Around the Writers’ Table: The pitch panel returns to Islanders Write

Loren Ghiglione at 2023 Islanders Write. —Anthony Esposito

Veteran journalist and author Loren Ghiglione said he wasn’t nervous when he stood in front of last summer’s Islanders Write pitch panel and talked about the memoir he was working on. He was allotted a mere three minutes to explain what the book was about and why he was writing it, but he had rehearsed, and was feeling ready. 

I was delighted to hear Ghiglione’s feedback (I am the event producer for Islanders Write, which is put on by The MV Times). The point of the pitch panel is not to make people nervous; it’s to help them refine their book projects, and the way they pitch those book projects to industry professionals. 

“I think the pitch panel was very helpful,” Ghiglione said during a recent phone conversation. “It was very rewarding to get the assessment of pros.” Ghiglione, who is himself a pro — having worked for decades both as a journalist and a journalism professor, spoke at the Bunch of Grapes on Tuesday about his 2020 book “Genus Americanus: Hitting the Road in Search of America’s Identity,” with Dan Tham, one of the book’s co-authors. 

Ghiglione told me that while doing his final revisions, he thought a lot about the feedback he received from the pitch panel, particularly John Hough’s advice that he focus on the dramatic. Ghiglione and his wife moved to the Vineyard in 2017. A week later, their daughter and her five children moved in with them. His memoir, “Martha’s Vineyard Memoir: Learning Life Lessons from a Gaggle of Grandkids, a Golden Pond, Good Folks, and Glimpses of the End,” is currently being shopped around to publishers.


Pitch panel returns to Islanders Write 2024

Literary agent Rosemary Stimola, publisher and editor Gretchen Young, novelist John Hough, Jr., and publishing executive Torrey Oberfest will be returning to Islanders Write this August for the pitch panel. 

How to submit your pitch: Send a brief synopsis about your book project and a short bio to us through the Islanders Write website,, or email it to me directly at The deadline for pitch submissions is Friday, August 9. Writers will be informed if their pitch was selected on Sunday, August 11. If you are selected, do not fret; you will receive more guidance about shaping your pitch for the event. Please do not submit a pitch if you cannot be at the event that day.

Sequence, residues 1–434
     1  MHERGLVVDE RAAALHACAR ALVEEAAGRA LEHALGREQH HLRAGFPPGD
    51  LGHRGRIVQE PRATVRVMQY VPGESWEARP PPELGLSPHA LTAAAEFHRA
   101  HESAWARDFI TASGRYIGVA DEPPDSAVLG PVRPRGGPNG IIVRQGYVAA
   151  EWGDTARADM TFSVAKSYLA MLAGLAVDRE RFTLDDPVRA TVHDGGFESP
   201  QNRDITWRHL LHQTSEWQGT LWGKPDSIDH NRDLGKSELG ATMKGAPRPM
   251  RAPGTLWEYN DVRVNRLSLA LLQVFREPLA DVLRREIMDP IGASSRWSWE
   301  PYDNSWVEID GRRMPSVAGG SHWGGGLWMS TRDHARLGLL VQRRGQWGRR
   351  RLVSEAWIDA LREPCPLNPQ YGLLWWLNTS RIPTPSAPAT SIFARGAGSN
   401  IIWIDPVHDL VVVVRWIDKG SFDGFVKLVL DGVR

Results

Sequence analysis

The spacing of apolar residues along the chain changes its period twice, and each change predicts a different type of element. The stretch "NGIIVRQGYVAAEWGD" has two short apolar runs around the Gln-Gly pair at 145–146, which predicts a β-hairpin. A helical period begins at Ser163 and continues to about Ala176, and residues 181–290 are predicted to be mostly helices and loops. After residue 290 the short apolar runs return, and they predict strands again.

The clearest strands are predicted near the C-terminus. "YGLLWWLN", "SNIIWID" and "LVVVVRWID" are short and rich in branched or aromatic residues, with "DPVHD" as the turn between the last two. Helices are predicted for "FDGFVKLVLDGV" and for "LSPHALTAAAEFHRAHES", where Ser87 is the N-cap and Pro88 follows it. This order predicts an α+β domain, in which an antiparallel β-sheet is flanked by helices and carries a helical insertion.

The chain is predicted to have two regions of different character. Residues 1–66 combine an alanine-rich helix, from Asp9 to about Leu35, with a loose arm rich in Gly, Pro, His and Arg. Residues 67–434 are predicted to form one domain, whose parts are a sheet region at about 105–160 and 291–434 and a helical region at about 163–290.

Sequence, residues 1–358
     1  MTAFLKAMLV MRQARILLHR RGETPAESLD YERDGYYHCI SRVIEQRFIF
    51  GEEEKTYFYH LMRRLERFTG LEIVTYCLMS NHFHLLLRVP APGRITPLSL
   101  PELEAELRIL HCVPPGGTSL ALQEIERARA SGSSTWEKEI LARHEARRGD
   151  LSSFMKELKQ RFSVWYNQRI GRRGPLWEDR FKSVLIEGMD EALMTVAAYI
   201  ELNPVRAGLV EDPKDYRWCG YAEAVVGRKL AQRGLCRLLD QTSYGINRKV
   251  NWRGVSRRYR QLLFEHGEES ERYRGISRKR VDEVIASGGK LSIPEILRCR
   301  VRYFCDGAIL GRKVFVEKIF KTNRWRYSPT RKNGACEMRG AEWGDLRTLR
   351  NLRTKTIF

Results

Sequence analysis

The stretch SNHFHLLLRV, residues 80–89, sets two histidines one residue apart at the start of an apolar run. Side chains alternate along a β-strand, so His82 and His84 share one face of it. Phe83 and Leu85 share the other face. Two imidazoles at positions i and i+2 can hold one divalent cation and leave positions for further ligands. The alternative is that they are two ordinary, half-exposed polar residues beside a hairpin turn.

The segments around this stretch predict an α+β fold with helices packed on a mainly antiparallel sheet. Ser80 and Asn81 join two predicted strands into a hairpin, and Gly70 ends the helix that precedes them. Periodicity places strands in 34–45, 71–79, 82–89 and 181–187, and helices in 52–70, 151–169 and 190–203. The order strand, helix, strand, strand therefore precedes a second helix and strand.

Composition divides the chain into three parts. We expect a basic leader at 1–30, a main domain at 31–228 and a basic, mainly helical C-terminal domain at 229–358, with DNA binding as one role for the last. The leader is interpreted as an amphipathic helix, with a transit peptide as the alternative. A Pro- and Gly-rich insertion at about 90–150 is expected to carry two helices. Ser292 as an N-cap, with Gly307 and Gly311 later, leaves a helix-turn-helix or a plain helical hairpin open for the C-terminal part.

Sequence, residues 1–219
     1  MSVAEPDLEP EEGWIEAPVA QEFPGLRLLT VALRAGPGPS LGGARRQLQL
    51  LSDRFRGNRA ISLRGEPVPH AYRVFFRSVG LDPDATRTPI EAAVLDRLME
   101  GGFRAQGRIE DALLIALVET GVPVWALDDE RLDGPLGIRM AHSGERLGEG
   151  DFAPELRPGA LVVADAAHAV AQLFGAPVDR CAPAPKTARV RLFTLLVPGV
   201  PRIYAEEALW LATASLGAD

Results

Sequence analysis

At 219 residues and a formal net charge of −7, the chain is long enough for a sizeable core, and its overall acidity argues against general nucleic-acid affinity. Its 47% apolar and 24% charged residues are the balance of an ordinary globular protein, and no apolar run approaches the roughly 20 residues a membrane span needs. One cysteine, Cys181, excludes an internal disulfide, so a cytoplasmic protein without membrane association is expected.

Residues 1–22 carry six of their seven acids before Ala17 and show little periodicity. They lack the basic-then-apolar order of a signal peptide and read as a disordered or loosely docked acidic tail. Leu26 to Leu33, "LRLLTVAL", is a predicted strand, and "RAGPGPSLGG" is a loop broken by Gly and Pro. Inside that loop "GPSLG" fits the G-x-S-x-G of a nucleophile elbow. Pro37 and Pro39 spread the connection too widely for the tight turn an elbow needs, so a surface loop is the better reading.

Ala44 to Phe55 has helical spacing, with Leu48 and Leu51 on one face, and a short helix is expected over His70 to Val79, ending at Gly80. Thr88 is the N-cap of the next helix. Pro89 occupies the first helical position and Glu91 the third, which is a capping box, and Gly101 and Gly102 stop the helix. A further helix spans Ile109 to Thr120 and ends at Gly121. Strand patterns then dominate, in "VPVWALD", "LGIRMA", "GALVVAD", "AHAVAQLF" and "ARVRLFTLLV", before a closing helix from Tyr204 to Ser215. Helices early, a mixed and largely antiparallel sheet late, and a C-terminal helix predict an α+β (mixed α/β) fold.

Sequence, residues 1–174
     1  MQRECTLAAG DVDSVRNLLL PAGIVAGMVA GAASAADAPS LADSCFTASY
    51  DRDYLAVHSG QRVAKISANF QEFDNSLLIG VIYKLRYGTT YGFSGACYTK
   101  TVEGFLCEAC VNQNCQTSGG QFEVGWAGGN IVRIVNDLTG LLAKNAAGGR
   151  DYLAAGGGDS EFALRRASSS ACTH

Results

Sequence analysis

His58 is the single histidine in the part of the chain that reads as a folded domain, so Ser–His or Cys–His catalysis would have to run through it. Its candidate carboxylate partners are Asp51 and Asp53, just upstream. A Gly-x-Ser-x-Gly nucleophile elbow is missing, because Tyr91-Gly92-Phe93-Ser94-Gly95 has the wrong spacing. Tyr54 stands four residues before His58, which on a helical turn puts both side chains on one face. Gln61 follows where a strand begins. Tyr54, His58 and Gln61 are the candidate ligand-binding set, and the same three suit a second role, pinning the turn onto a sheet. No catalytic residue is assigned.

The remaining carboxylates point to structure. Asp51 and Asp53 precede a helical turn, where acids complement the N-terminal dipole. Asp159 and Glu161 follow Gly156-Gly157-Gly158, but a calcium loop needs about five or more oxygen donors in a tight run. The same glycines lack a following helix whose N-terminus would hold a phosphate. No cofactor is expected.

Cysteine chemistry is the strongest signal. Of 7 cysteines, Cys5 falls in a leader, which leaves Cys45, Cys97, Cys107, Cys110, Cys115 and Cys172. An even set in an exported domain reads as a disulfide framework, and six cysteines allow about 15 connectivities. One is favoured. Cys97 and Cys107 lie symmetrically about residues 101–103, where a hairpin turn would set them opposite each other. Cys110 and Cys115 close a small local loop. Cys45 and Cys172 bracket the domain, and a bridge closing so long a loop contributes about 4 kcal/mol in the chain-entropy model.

How the pitch panel works: Five projects in different genres will be chosen from the submitted proposals to be pitched at Islanders Write, on Monday, August 19. Each of the five writers picked to pitch will have three minutes to explain what their book is about. Following their pitch, Stimola, Young, Hough, and Oberfest will weigh in. The writers pitching projects will have an opportunity to ask follow-up questions about their book projects. (Please note that while it is extremely helpful for the writers who are pitching to get feedback on their projects from industry professionals, the advice given applies to all of us out there working on book projects.)

Some advice on writing and delivering your pitch:

Rosemary Stimola: “With the increasing corporatization of publishing, it’s important to capture attention quickly. Your first sentence should be strong and focused, but not hyperbolic, describing the project and setting in the current marketplace. Do not begin with any personal history unless it is extremely relevant to the project at hand.”

Gretchen Young: “Don’t try to fit everything in one 60-second description. Edit yourself, and remember, not everything belongs in your log line. It’s all important to you, of course, but top-line it. Make it relatable, resonant, and compelling, so that no one can turn away and everyone wants to know more.”

John Hough, Jr.: “Speak slowly and clearly. A hasty reading of the pitch, even if audible, detracts from its heft and authority.” 

Torrey Oberfest: “While global pandemics, supply-chain challenges, interest rates, and corporate consolidation will always impact the business of book publishing, sales are measurably stronger than they were five years ago. This reminds us that the demand for entertaining, enlightening, and inspiring books remains strong. My advice to authors is to be persistent and optimistic, and to take advantage of the invaluable insider advice that is provided at the pitch panel!” 

Please note that the editors and agents speaking at Islanders Write have generously agreed to offer their advice in order to help us writers better understand the process of getting editors and agents interested in our books. They are not at the event seeking projects for themselves. We will also be having a separate panel with editors and agents focused on publishing at the event.

For more information on Islanders Write, go to Around the Writers’ Table is a column about writers and writing on the Vineyard. Please email with your writing-related or book news.